Oops, that was a typo. But yes definitely understand about the $2006 access now.

Quote:
Assuming you mean the temporary VRAM address register (t), then no, t remains unchanged until $2005, $2006 or $2000 are written to. These 3 ports affect t in some way.


In what way of $2000? The only thing I came across is $2002 in the wiki :-\


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PostPosted: Sun Mar 31, 2019 10:25 am 
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Obvious wikipedia article: https://en.wikipedia.org/wiki/Memory-mapped_I/O


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PostPosted: Sun Mar 31, 2019 10:31 am 
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$2000 updates the name table bits in the VRAM address. When accessing name tables, the address register has the following format: 0010NNYY YYYXXXXX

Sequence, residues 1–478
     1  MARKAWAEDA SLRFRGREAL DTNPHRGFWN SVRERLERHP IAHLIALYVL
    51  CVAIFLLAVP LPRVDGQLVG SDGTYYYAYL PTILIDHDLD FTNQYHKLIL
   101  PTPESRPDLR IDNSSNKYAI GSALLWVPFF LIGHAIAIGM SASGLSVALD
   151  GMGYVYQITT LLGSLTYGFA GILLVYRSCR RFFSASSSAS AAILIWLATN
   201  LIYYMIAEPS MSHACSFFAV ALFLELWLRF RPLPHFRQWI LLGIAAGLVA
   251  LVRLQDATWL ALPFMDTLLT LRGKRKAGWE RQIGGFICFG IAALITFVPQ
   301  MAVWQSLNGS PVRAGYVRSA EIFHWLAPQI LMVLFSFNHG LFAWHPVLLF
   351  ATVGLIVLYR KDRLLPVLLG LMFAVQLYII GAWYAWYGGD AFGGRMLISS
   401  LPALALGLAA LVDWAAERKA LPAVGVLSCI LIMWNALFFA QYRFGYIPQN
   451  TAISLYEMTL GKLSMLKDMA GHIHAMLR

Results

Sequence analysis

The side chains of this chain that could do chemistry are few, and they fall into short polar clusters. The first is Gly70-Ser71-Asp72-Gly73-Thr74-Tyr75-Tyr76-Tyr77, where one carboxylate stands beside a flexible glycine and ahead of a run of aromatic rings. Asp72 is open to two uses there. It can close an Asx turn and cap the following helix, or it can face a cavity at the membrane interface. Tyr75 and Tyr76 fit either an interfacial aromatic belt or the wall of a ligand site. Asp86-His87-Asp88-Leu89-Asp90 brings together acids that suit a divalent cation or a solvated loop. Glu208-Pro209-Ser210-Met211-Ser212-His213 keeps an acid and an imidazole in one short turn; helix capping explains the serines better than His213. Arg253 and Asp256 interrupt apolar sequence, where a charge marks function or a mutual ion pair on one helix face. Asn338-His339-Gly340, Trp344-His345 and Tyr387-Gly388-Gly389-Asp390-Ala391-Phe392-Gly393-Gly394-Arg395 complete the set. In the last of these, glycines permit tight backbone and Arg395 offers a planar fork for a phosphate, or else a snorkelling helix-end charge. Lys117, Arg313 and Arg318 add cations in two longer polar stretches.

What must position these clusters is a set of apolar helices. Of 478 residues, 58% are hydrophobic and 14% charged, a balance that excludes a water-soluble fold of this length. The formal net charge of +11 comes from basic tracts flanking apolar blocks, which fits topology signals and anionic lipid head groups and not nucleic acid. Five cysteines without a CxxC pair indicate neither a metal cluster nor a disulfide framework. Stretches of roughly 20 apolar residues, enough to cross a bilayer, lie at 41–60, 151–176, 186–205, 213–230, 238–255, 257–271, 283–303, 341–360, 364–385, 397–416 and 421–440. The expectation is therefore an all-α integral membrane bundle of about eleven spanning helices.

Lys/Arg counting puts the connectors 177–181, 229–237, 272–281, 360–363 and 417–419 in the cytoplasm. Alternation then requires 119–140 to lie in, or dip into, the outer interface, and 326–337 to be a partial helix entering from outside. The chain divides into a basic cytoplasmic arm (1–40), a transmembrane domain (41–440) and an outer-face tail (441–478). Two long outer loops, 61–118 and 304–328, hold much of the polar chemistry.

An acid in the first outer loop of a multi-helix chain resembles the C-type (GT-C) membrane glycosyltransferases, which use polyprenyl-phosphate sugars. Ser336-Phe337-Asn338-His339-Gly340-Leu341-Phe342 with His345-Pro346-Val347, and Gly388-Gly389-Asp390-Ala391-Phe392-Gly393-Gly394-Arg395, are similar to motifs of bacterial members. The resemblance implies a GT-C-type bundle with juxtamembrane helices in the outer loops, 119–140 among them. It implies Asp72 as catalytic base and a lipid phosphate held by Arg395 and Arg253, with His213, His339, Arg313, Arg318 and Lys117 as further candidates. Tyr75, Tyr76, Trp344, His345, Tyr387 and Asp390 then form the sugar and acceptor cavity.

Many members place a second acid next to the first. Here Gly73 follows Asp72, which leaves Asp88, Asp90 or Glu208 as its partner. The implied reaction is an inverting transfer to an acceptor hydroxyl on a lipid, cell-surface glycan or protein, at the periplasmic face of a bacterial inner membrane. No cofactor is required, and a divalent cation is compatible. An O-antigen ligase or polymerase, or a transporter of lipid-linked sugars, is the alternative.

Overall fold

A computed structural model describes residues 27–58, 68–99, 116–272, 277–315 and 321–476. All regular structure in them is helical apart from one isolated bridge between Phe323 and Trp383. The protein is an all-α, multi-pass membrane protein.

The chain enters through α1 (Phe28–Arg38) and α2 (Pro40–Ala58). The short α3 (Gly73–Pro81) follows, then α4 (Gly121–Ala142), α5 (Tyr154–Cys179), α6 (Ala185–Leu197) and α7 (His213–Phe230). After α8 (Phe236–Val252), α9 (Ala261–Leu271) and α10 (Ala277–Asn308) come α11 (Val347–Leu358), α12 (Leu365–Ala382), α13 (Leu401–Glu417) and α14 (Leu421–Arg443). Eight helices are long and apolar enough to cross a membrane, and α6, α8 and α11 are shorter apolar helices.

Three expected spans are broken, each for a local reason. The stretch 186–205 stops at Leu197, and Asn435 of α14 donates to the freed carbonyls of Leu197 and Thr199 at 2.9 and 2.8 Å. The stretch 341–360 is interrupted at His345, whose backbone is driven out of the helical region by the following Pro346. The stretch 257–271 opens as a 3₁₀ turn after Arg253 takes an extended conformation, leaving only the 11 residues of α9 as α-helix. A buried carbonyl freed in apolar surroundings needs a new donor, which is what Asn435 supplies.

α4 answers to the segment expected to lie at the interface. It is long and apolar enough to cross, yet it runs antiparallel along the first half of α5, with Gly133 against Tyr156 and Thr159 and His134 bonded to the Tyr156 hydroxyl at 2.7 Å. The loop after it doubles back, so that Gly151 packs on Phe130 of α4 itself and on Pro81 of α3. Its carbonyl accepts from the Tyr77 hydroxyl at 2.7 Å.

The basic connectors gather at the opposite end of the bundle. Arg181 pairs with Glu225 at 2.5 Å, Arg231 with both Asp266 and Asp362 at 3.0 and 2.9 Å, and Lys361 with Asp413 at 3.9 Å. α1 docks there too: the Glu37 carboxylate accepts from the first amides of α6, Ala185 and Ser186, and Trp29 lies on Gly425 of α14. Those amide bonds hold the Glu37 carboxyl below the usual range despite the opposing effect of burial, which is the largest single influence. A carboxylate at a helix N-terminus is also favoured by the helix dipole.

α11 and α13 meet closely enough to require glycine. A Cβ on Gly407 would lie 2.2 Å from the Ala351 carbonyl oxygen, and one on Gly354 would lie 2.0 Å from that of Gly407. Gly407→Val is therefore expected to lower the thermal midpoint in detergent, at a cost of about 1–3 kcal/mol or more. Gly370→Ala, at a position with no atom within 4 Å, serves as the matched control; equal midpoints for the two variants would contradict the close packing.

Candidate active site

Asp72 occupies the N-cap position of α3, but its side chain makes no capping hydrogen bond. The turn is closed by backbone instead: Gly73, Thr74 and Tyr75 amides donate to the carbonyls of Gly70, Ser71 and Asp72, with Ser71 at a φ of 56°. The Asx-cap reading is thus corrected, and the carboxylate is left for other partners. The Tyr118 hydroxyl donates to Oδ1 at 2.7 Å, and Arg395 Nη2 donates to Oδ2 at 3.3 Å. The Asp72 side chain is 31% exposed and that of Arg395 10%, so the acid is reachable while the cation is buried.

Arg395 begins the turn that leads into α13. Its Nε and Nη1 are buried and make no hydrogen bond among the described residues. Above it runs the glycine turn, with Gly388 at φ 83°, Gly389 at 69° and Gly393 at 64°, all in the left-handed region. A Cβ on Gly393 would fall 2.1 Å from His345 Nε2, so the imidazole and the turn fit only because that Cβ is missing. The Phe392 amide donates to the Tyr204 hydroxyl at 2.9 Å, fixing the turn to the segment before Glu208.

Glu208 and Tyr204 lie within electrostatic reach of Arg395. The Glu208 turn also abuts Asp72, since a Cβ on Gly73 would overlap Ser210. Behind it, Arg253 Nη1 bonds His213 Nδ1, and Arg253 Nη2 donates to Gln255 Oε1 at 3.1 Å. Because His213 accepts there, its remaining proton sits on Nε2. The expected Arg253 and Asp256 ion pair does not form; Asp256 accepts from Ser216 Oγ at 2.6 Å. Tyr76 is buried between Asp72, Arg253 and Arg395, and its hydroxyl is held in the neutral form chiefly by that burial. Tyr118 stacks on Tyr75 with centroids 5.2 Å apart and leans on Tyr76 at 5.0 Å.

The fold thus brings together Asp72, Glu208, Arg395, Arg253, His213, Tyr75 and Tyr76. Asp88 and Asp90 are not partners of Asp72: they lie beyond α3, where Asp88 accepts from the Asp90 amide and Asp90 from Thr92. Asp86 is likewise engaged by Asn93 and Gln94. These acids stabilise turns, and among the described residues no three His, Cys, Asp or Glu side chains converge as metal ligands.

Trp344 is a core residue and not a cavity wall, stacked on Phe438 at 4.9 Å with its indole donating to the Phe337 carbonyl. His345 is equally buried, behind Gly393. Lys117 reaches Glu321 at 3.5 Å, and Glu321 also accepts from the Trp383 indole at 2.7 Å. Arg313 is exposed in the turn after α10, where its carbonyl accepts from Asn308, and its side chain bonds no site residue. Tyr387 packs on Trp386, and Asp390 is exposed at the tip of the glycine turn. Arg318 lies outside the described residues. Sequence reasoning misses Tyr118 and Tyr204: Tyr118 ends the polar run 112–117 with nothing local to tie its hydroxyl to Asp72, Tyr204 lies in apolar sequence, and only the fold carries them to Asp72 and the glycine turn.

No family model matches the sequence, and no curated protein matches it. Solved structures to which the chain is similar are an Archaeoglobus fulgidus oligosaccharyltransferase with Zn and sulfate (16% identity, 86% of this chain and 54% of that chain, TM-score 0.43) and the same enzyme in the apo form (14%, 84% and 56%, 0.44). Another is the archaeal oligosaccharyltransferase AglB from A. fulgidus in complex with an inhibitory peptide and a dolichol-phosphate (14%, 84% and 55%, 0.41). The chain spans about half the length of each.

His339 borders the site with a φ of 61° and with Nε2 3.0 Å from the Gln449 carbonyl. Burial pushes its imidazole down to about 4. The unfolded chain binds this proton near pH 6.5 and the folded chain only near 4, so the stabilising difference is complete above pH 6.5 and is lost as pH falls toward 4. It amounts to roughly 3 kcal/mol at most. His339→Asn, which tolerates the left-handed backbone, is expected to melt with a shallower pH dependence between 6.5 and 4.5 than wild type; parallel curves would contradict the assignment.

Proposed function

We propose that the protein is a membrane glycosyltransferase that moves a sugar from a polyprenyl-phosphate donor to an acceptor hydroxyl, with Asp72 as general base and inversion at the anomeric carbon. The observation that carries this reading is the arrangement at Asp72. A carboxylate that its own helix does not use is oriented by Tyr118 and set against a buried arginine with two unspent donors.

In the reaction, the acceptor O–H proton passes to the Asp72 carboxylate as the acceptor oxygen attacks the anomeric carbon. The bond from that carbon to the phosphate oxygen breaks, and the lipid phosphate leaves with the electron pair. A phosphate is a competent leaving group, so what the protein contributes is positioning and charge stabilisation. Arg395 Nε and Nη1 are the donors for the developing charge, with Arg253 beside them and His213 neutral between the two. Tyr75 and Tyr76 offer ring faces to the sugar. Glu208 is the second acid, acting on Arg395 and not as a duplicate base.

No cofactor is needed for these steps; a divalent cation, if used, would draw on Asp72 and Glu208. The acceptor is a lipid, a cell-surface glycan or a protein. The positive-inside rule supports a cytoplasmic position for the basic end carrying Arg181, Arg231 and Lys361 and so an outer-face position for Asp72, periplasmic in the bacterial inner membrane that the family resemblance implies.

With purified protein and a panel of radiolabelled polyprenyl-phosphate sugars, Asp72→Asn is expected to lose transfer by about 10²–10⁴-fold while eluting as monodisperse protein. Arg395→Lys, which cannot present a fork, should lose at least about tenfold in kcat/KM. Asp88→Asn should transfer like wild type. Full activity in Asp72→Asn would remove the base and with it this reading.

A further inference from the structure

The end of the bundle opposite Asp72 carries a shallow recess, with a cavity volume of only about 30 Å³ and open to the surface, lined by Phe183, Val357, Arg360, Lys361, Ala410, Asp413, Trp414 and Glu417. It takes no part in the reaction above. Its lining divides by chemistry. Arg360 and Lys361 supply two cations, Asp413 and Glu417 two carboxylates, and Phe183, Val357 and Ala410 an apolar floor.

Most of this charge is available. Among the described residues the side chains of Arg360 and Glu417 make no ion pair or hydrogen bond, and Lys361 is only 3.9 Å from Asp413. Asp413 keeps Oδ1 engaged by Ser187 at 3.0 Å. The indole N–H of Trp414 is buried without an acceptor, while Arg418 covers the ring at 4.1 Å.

$2006 writes affect bits 0 through 13 (and clear bits 14 and 15), $2005 writes change the X and Y bits, and $2000 writes change the NN bits.

One weird aspect of the PPU is that it uses its addresses registers when rendering the image, which is why the scroll settings (set via $2000 and $2005) affect the address registers. Fir rendering purposes, the PPU address registers (t and v have the following format:

0yyyNNYY YYYXXXXX

XXXXX: coarse X scroll;
YYYYY: coarse Y scroll;
NN: name table;
yyy: fine Y scroll;
(the fine X scroll is kept elsewhere)

When the frame starts, the PPU will automatically copy the value from t to v and use that to determine what part of the background to render, as specified by the bits above.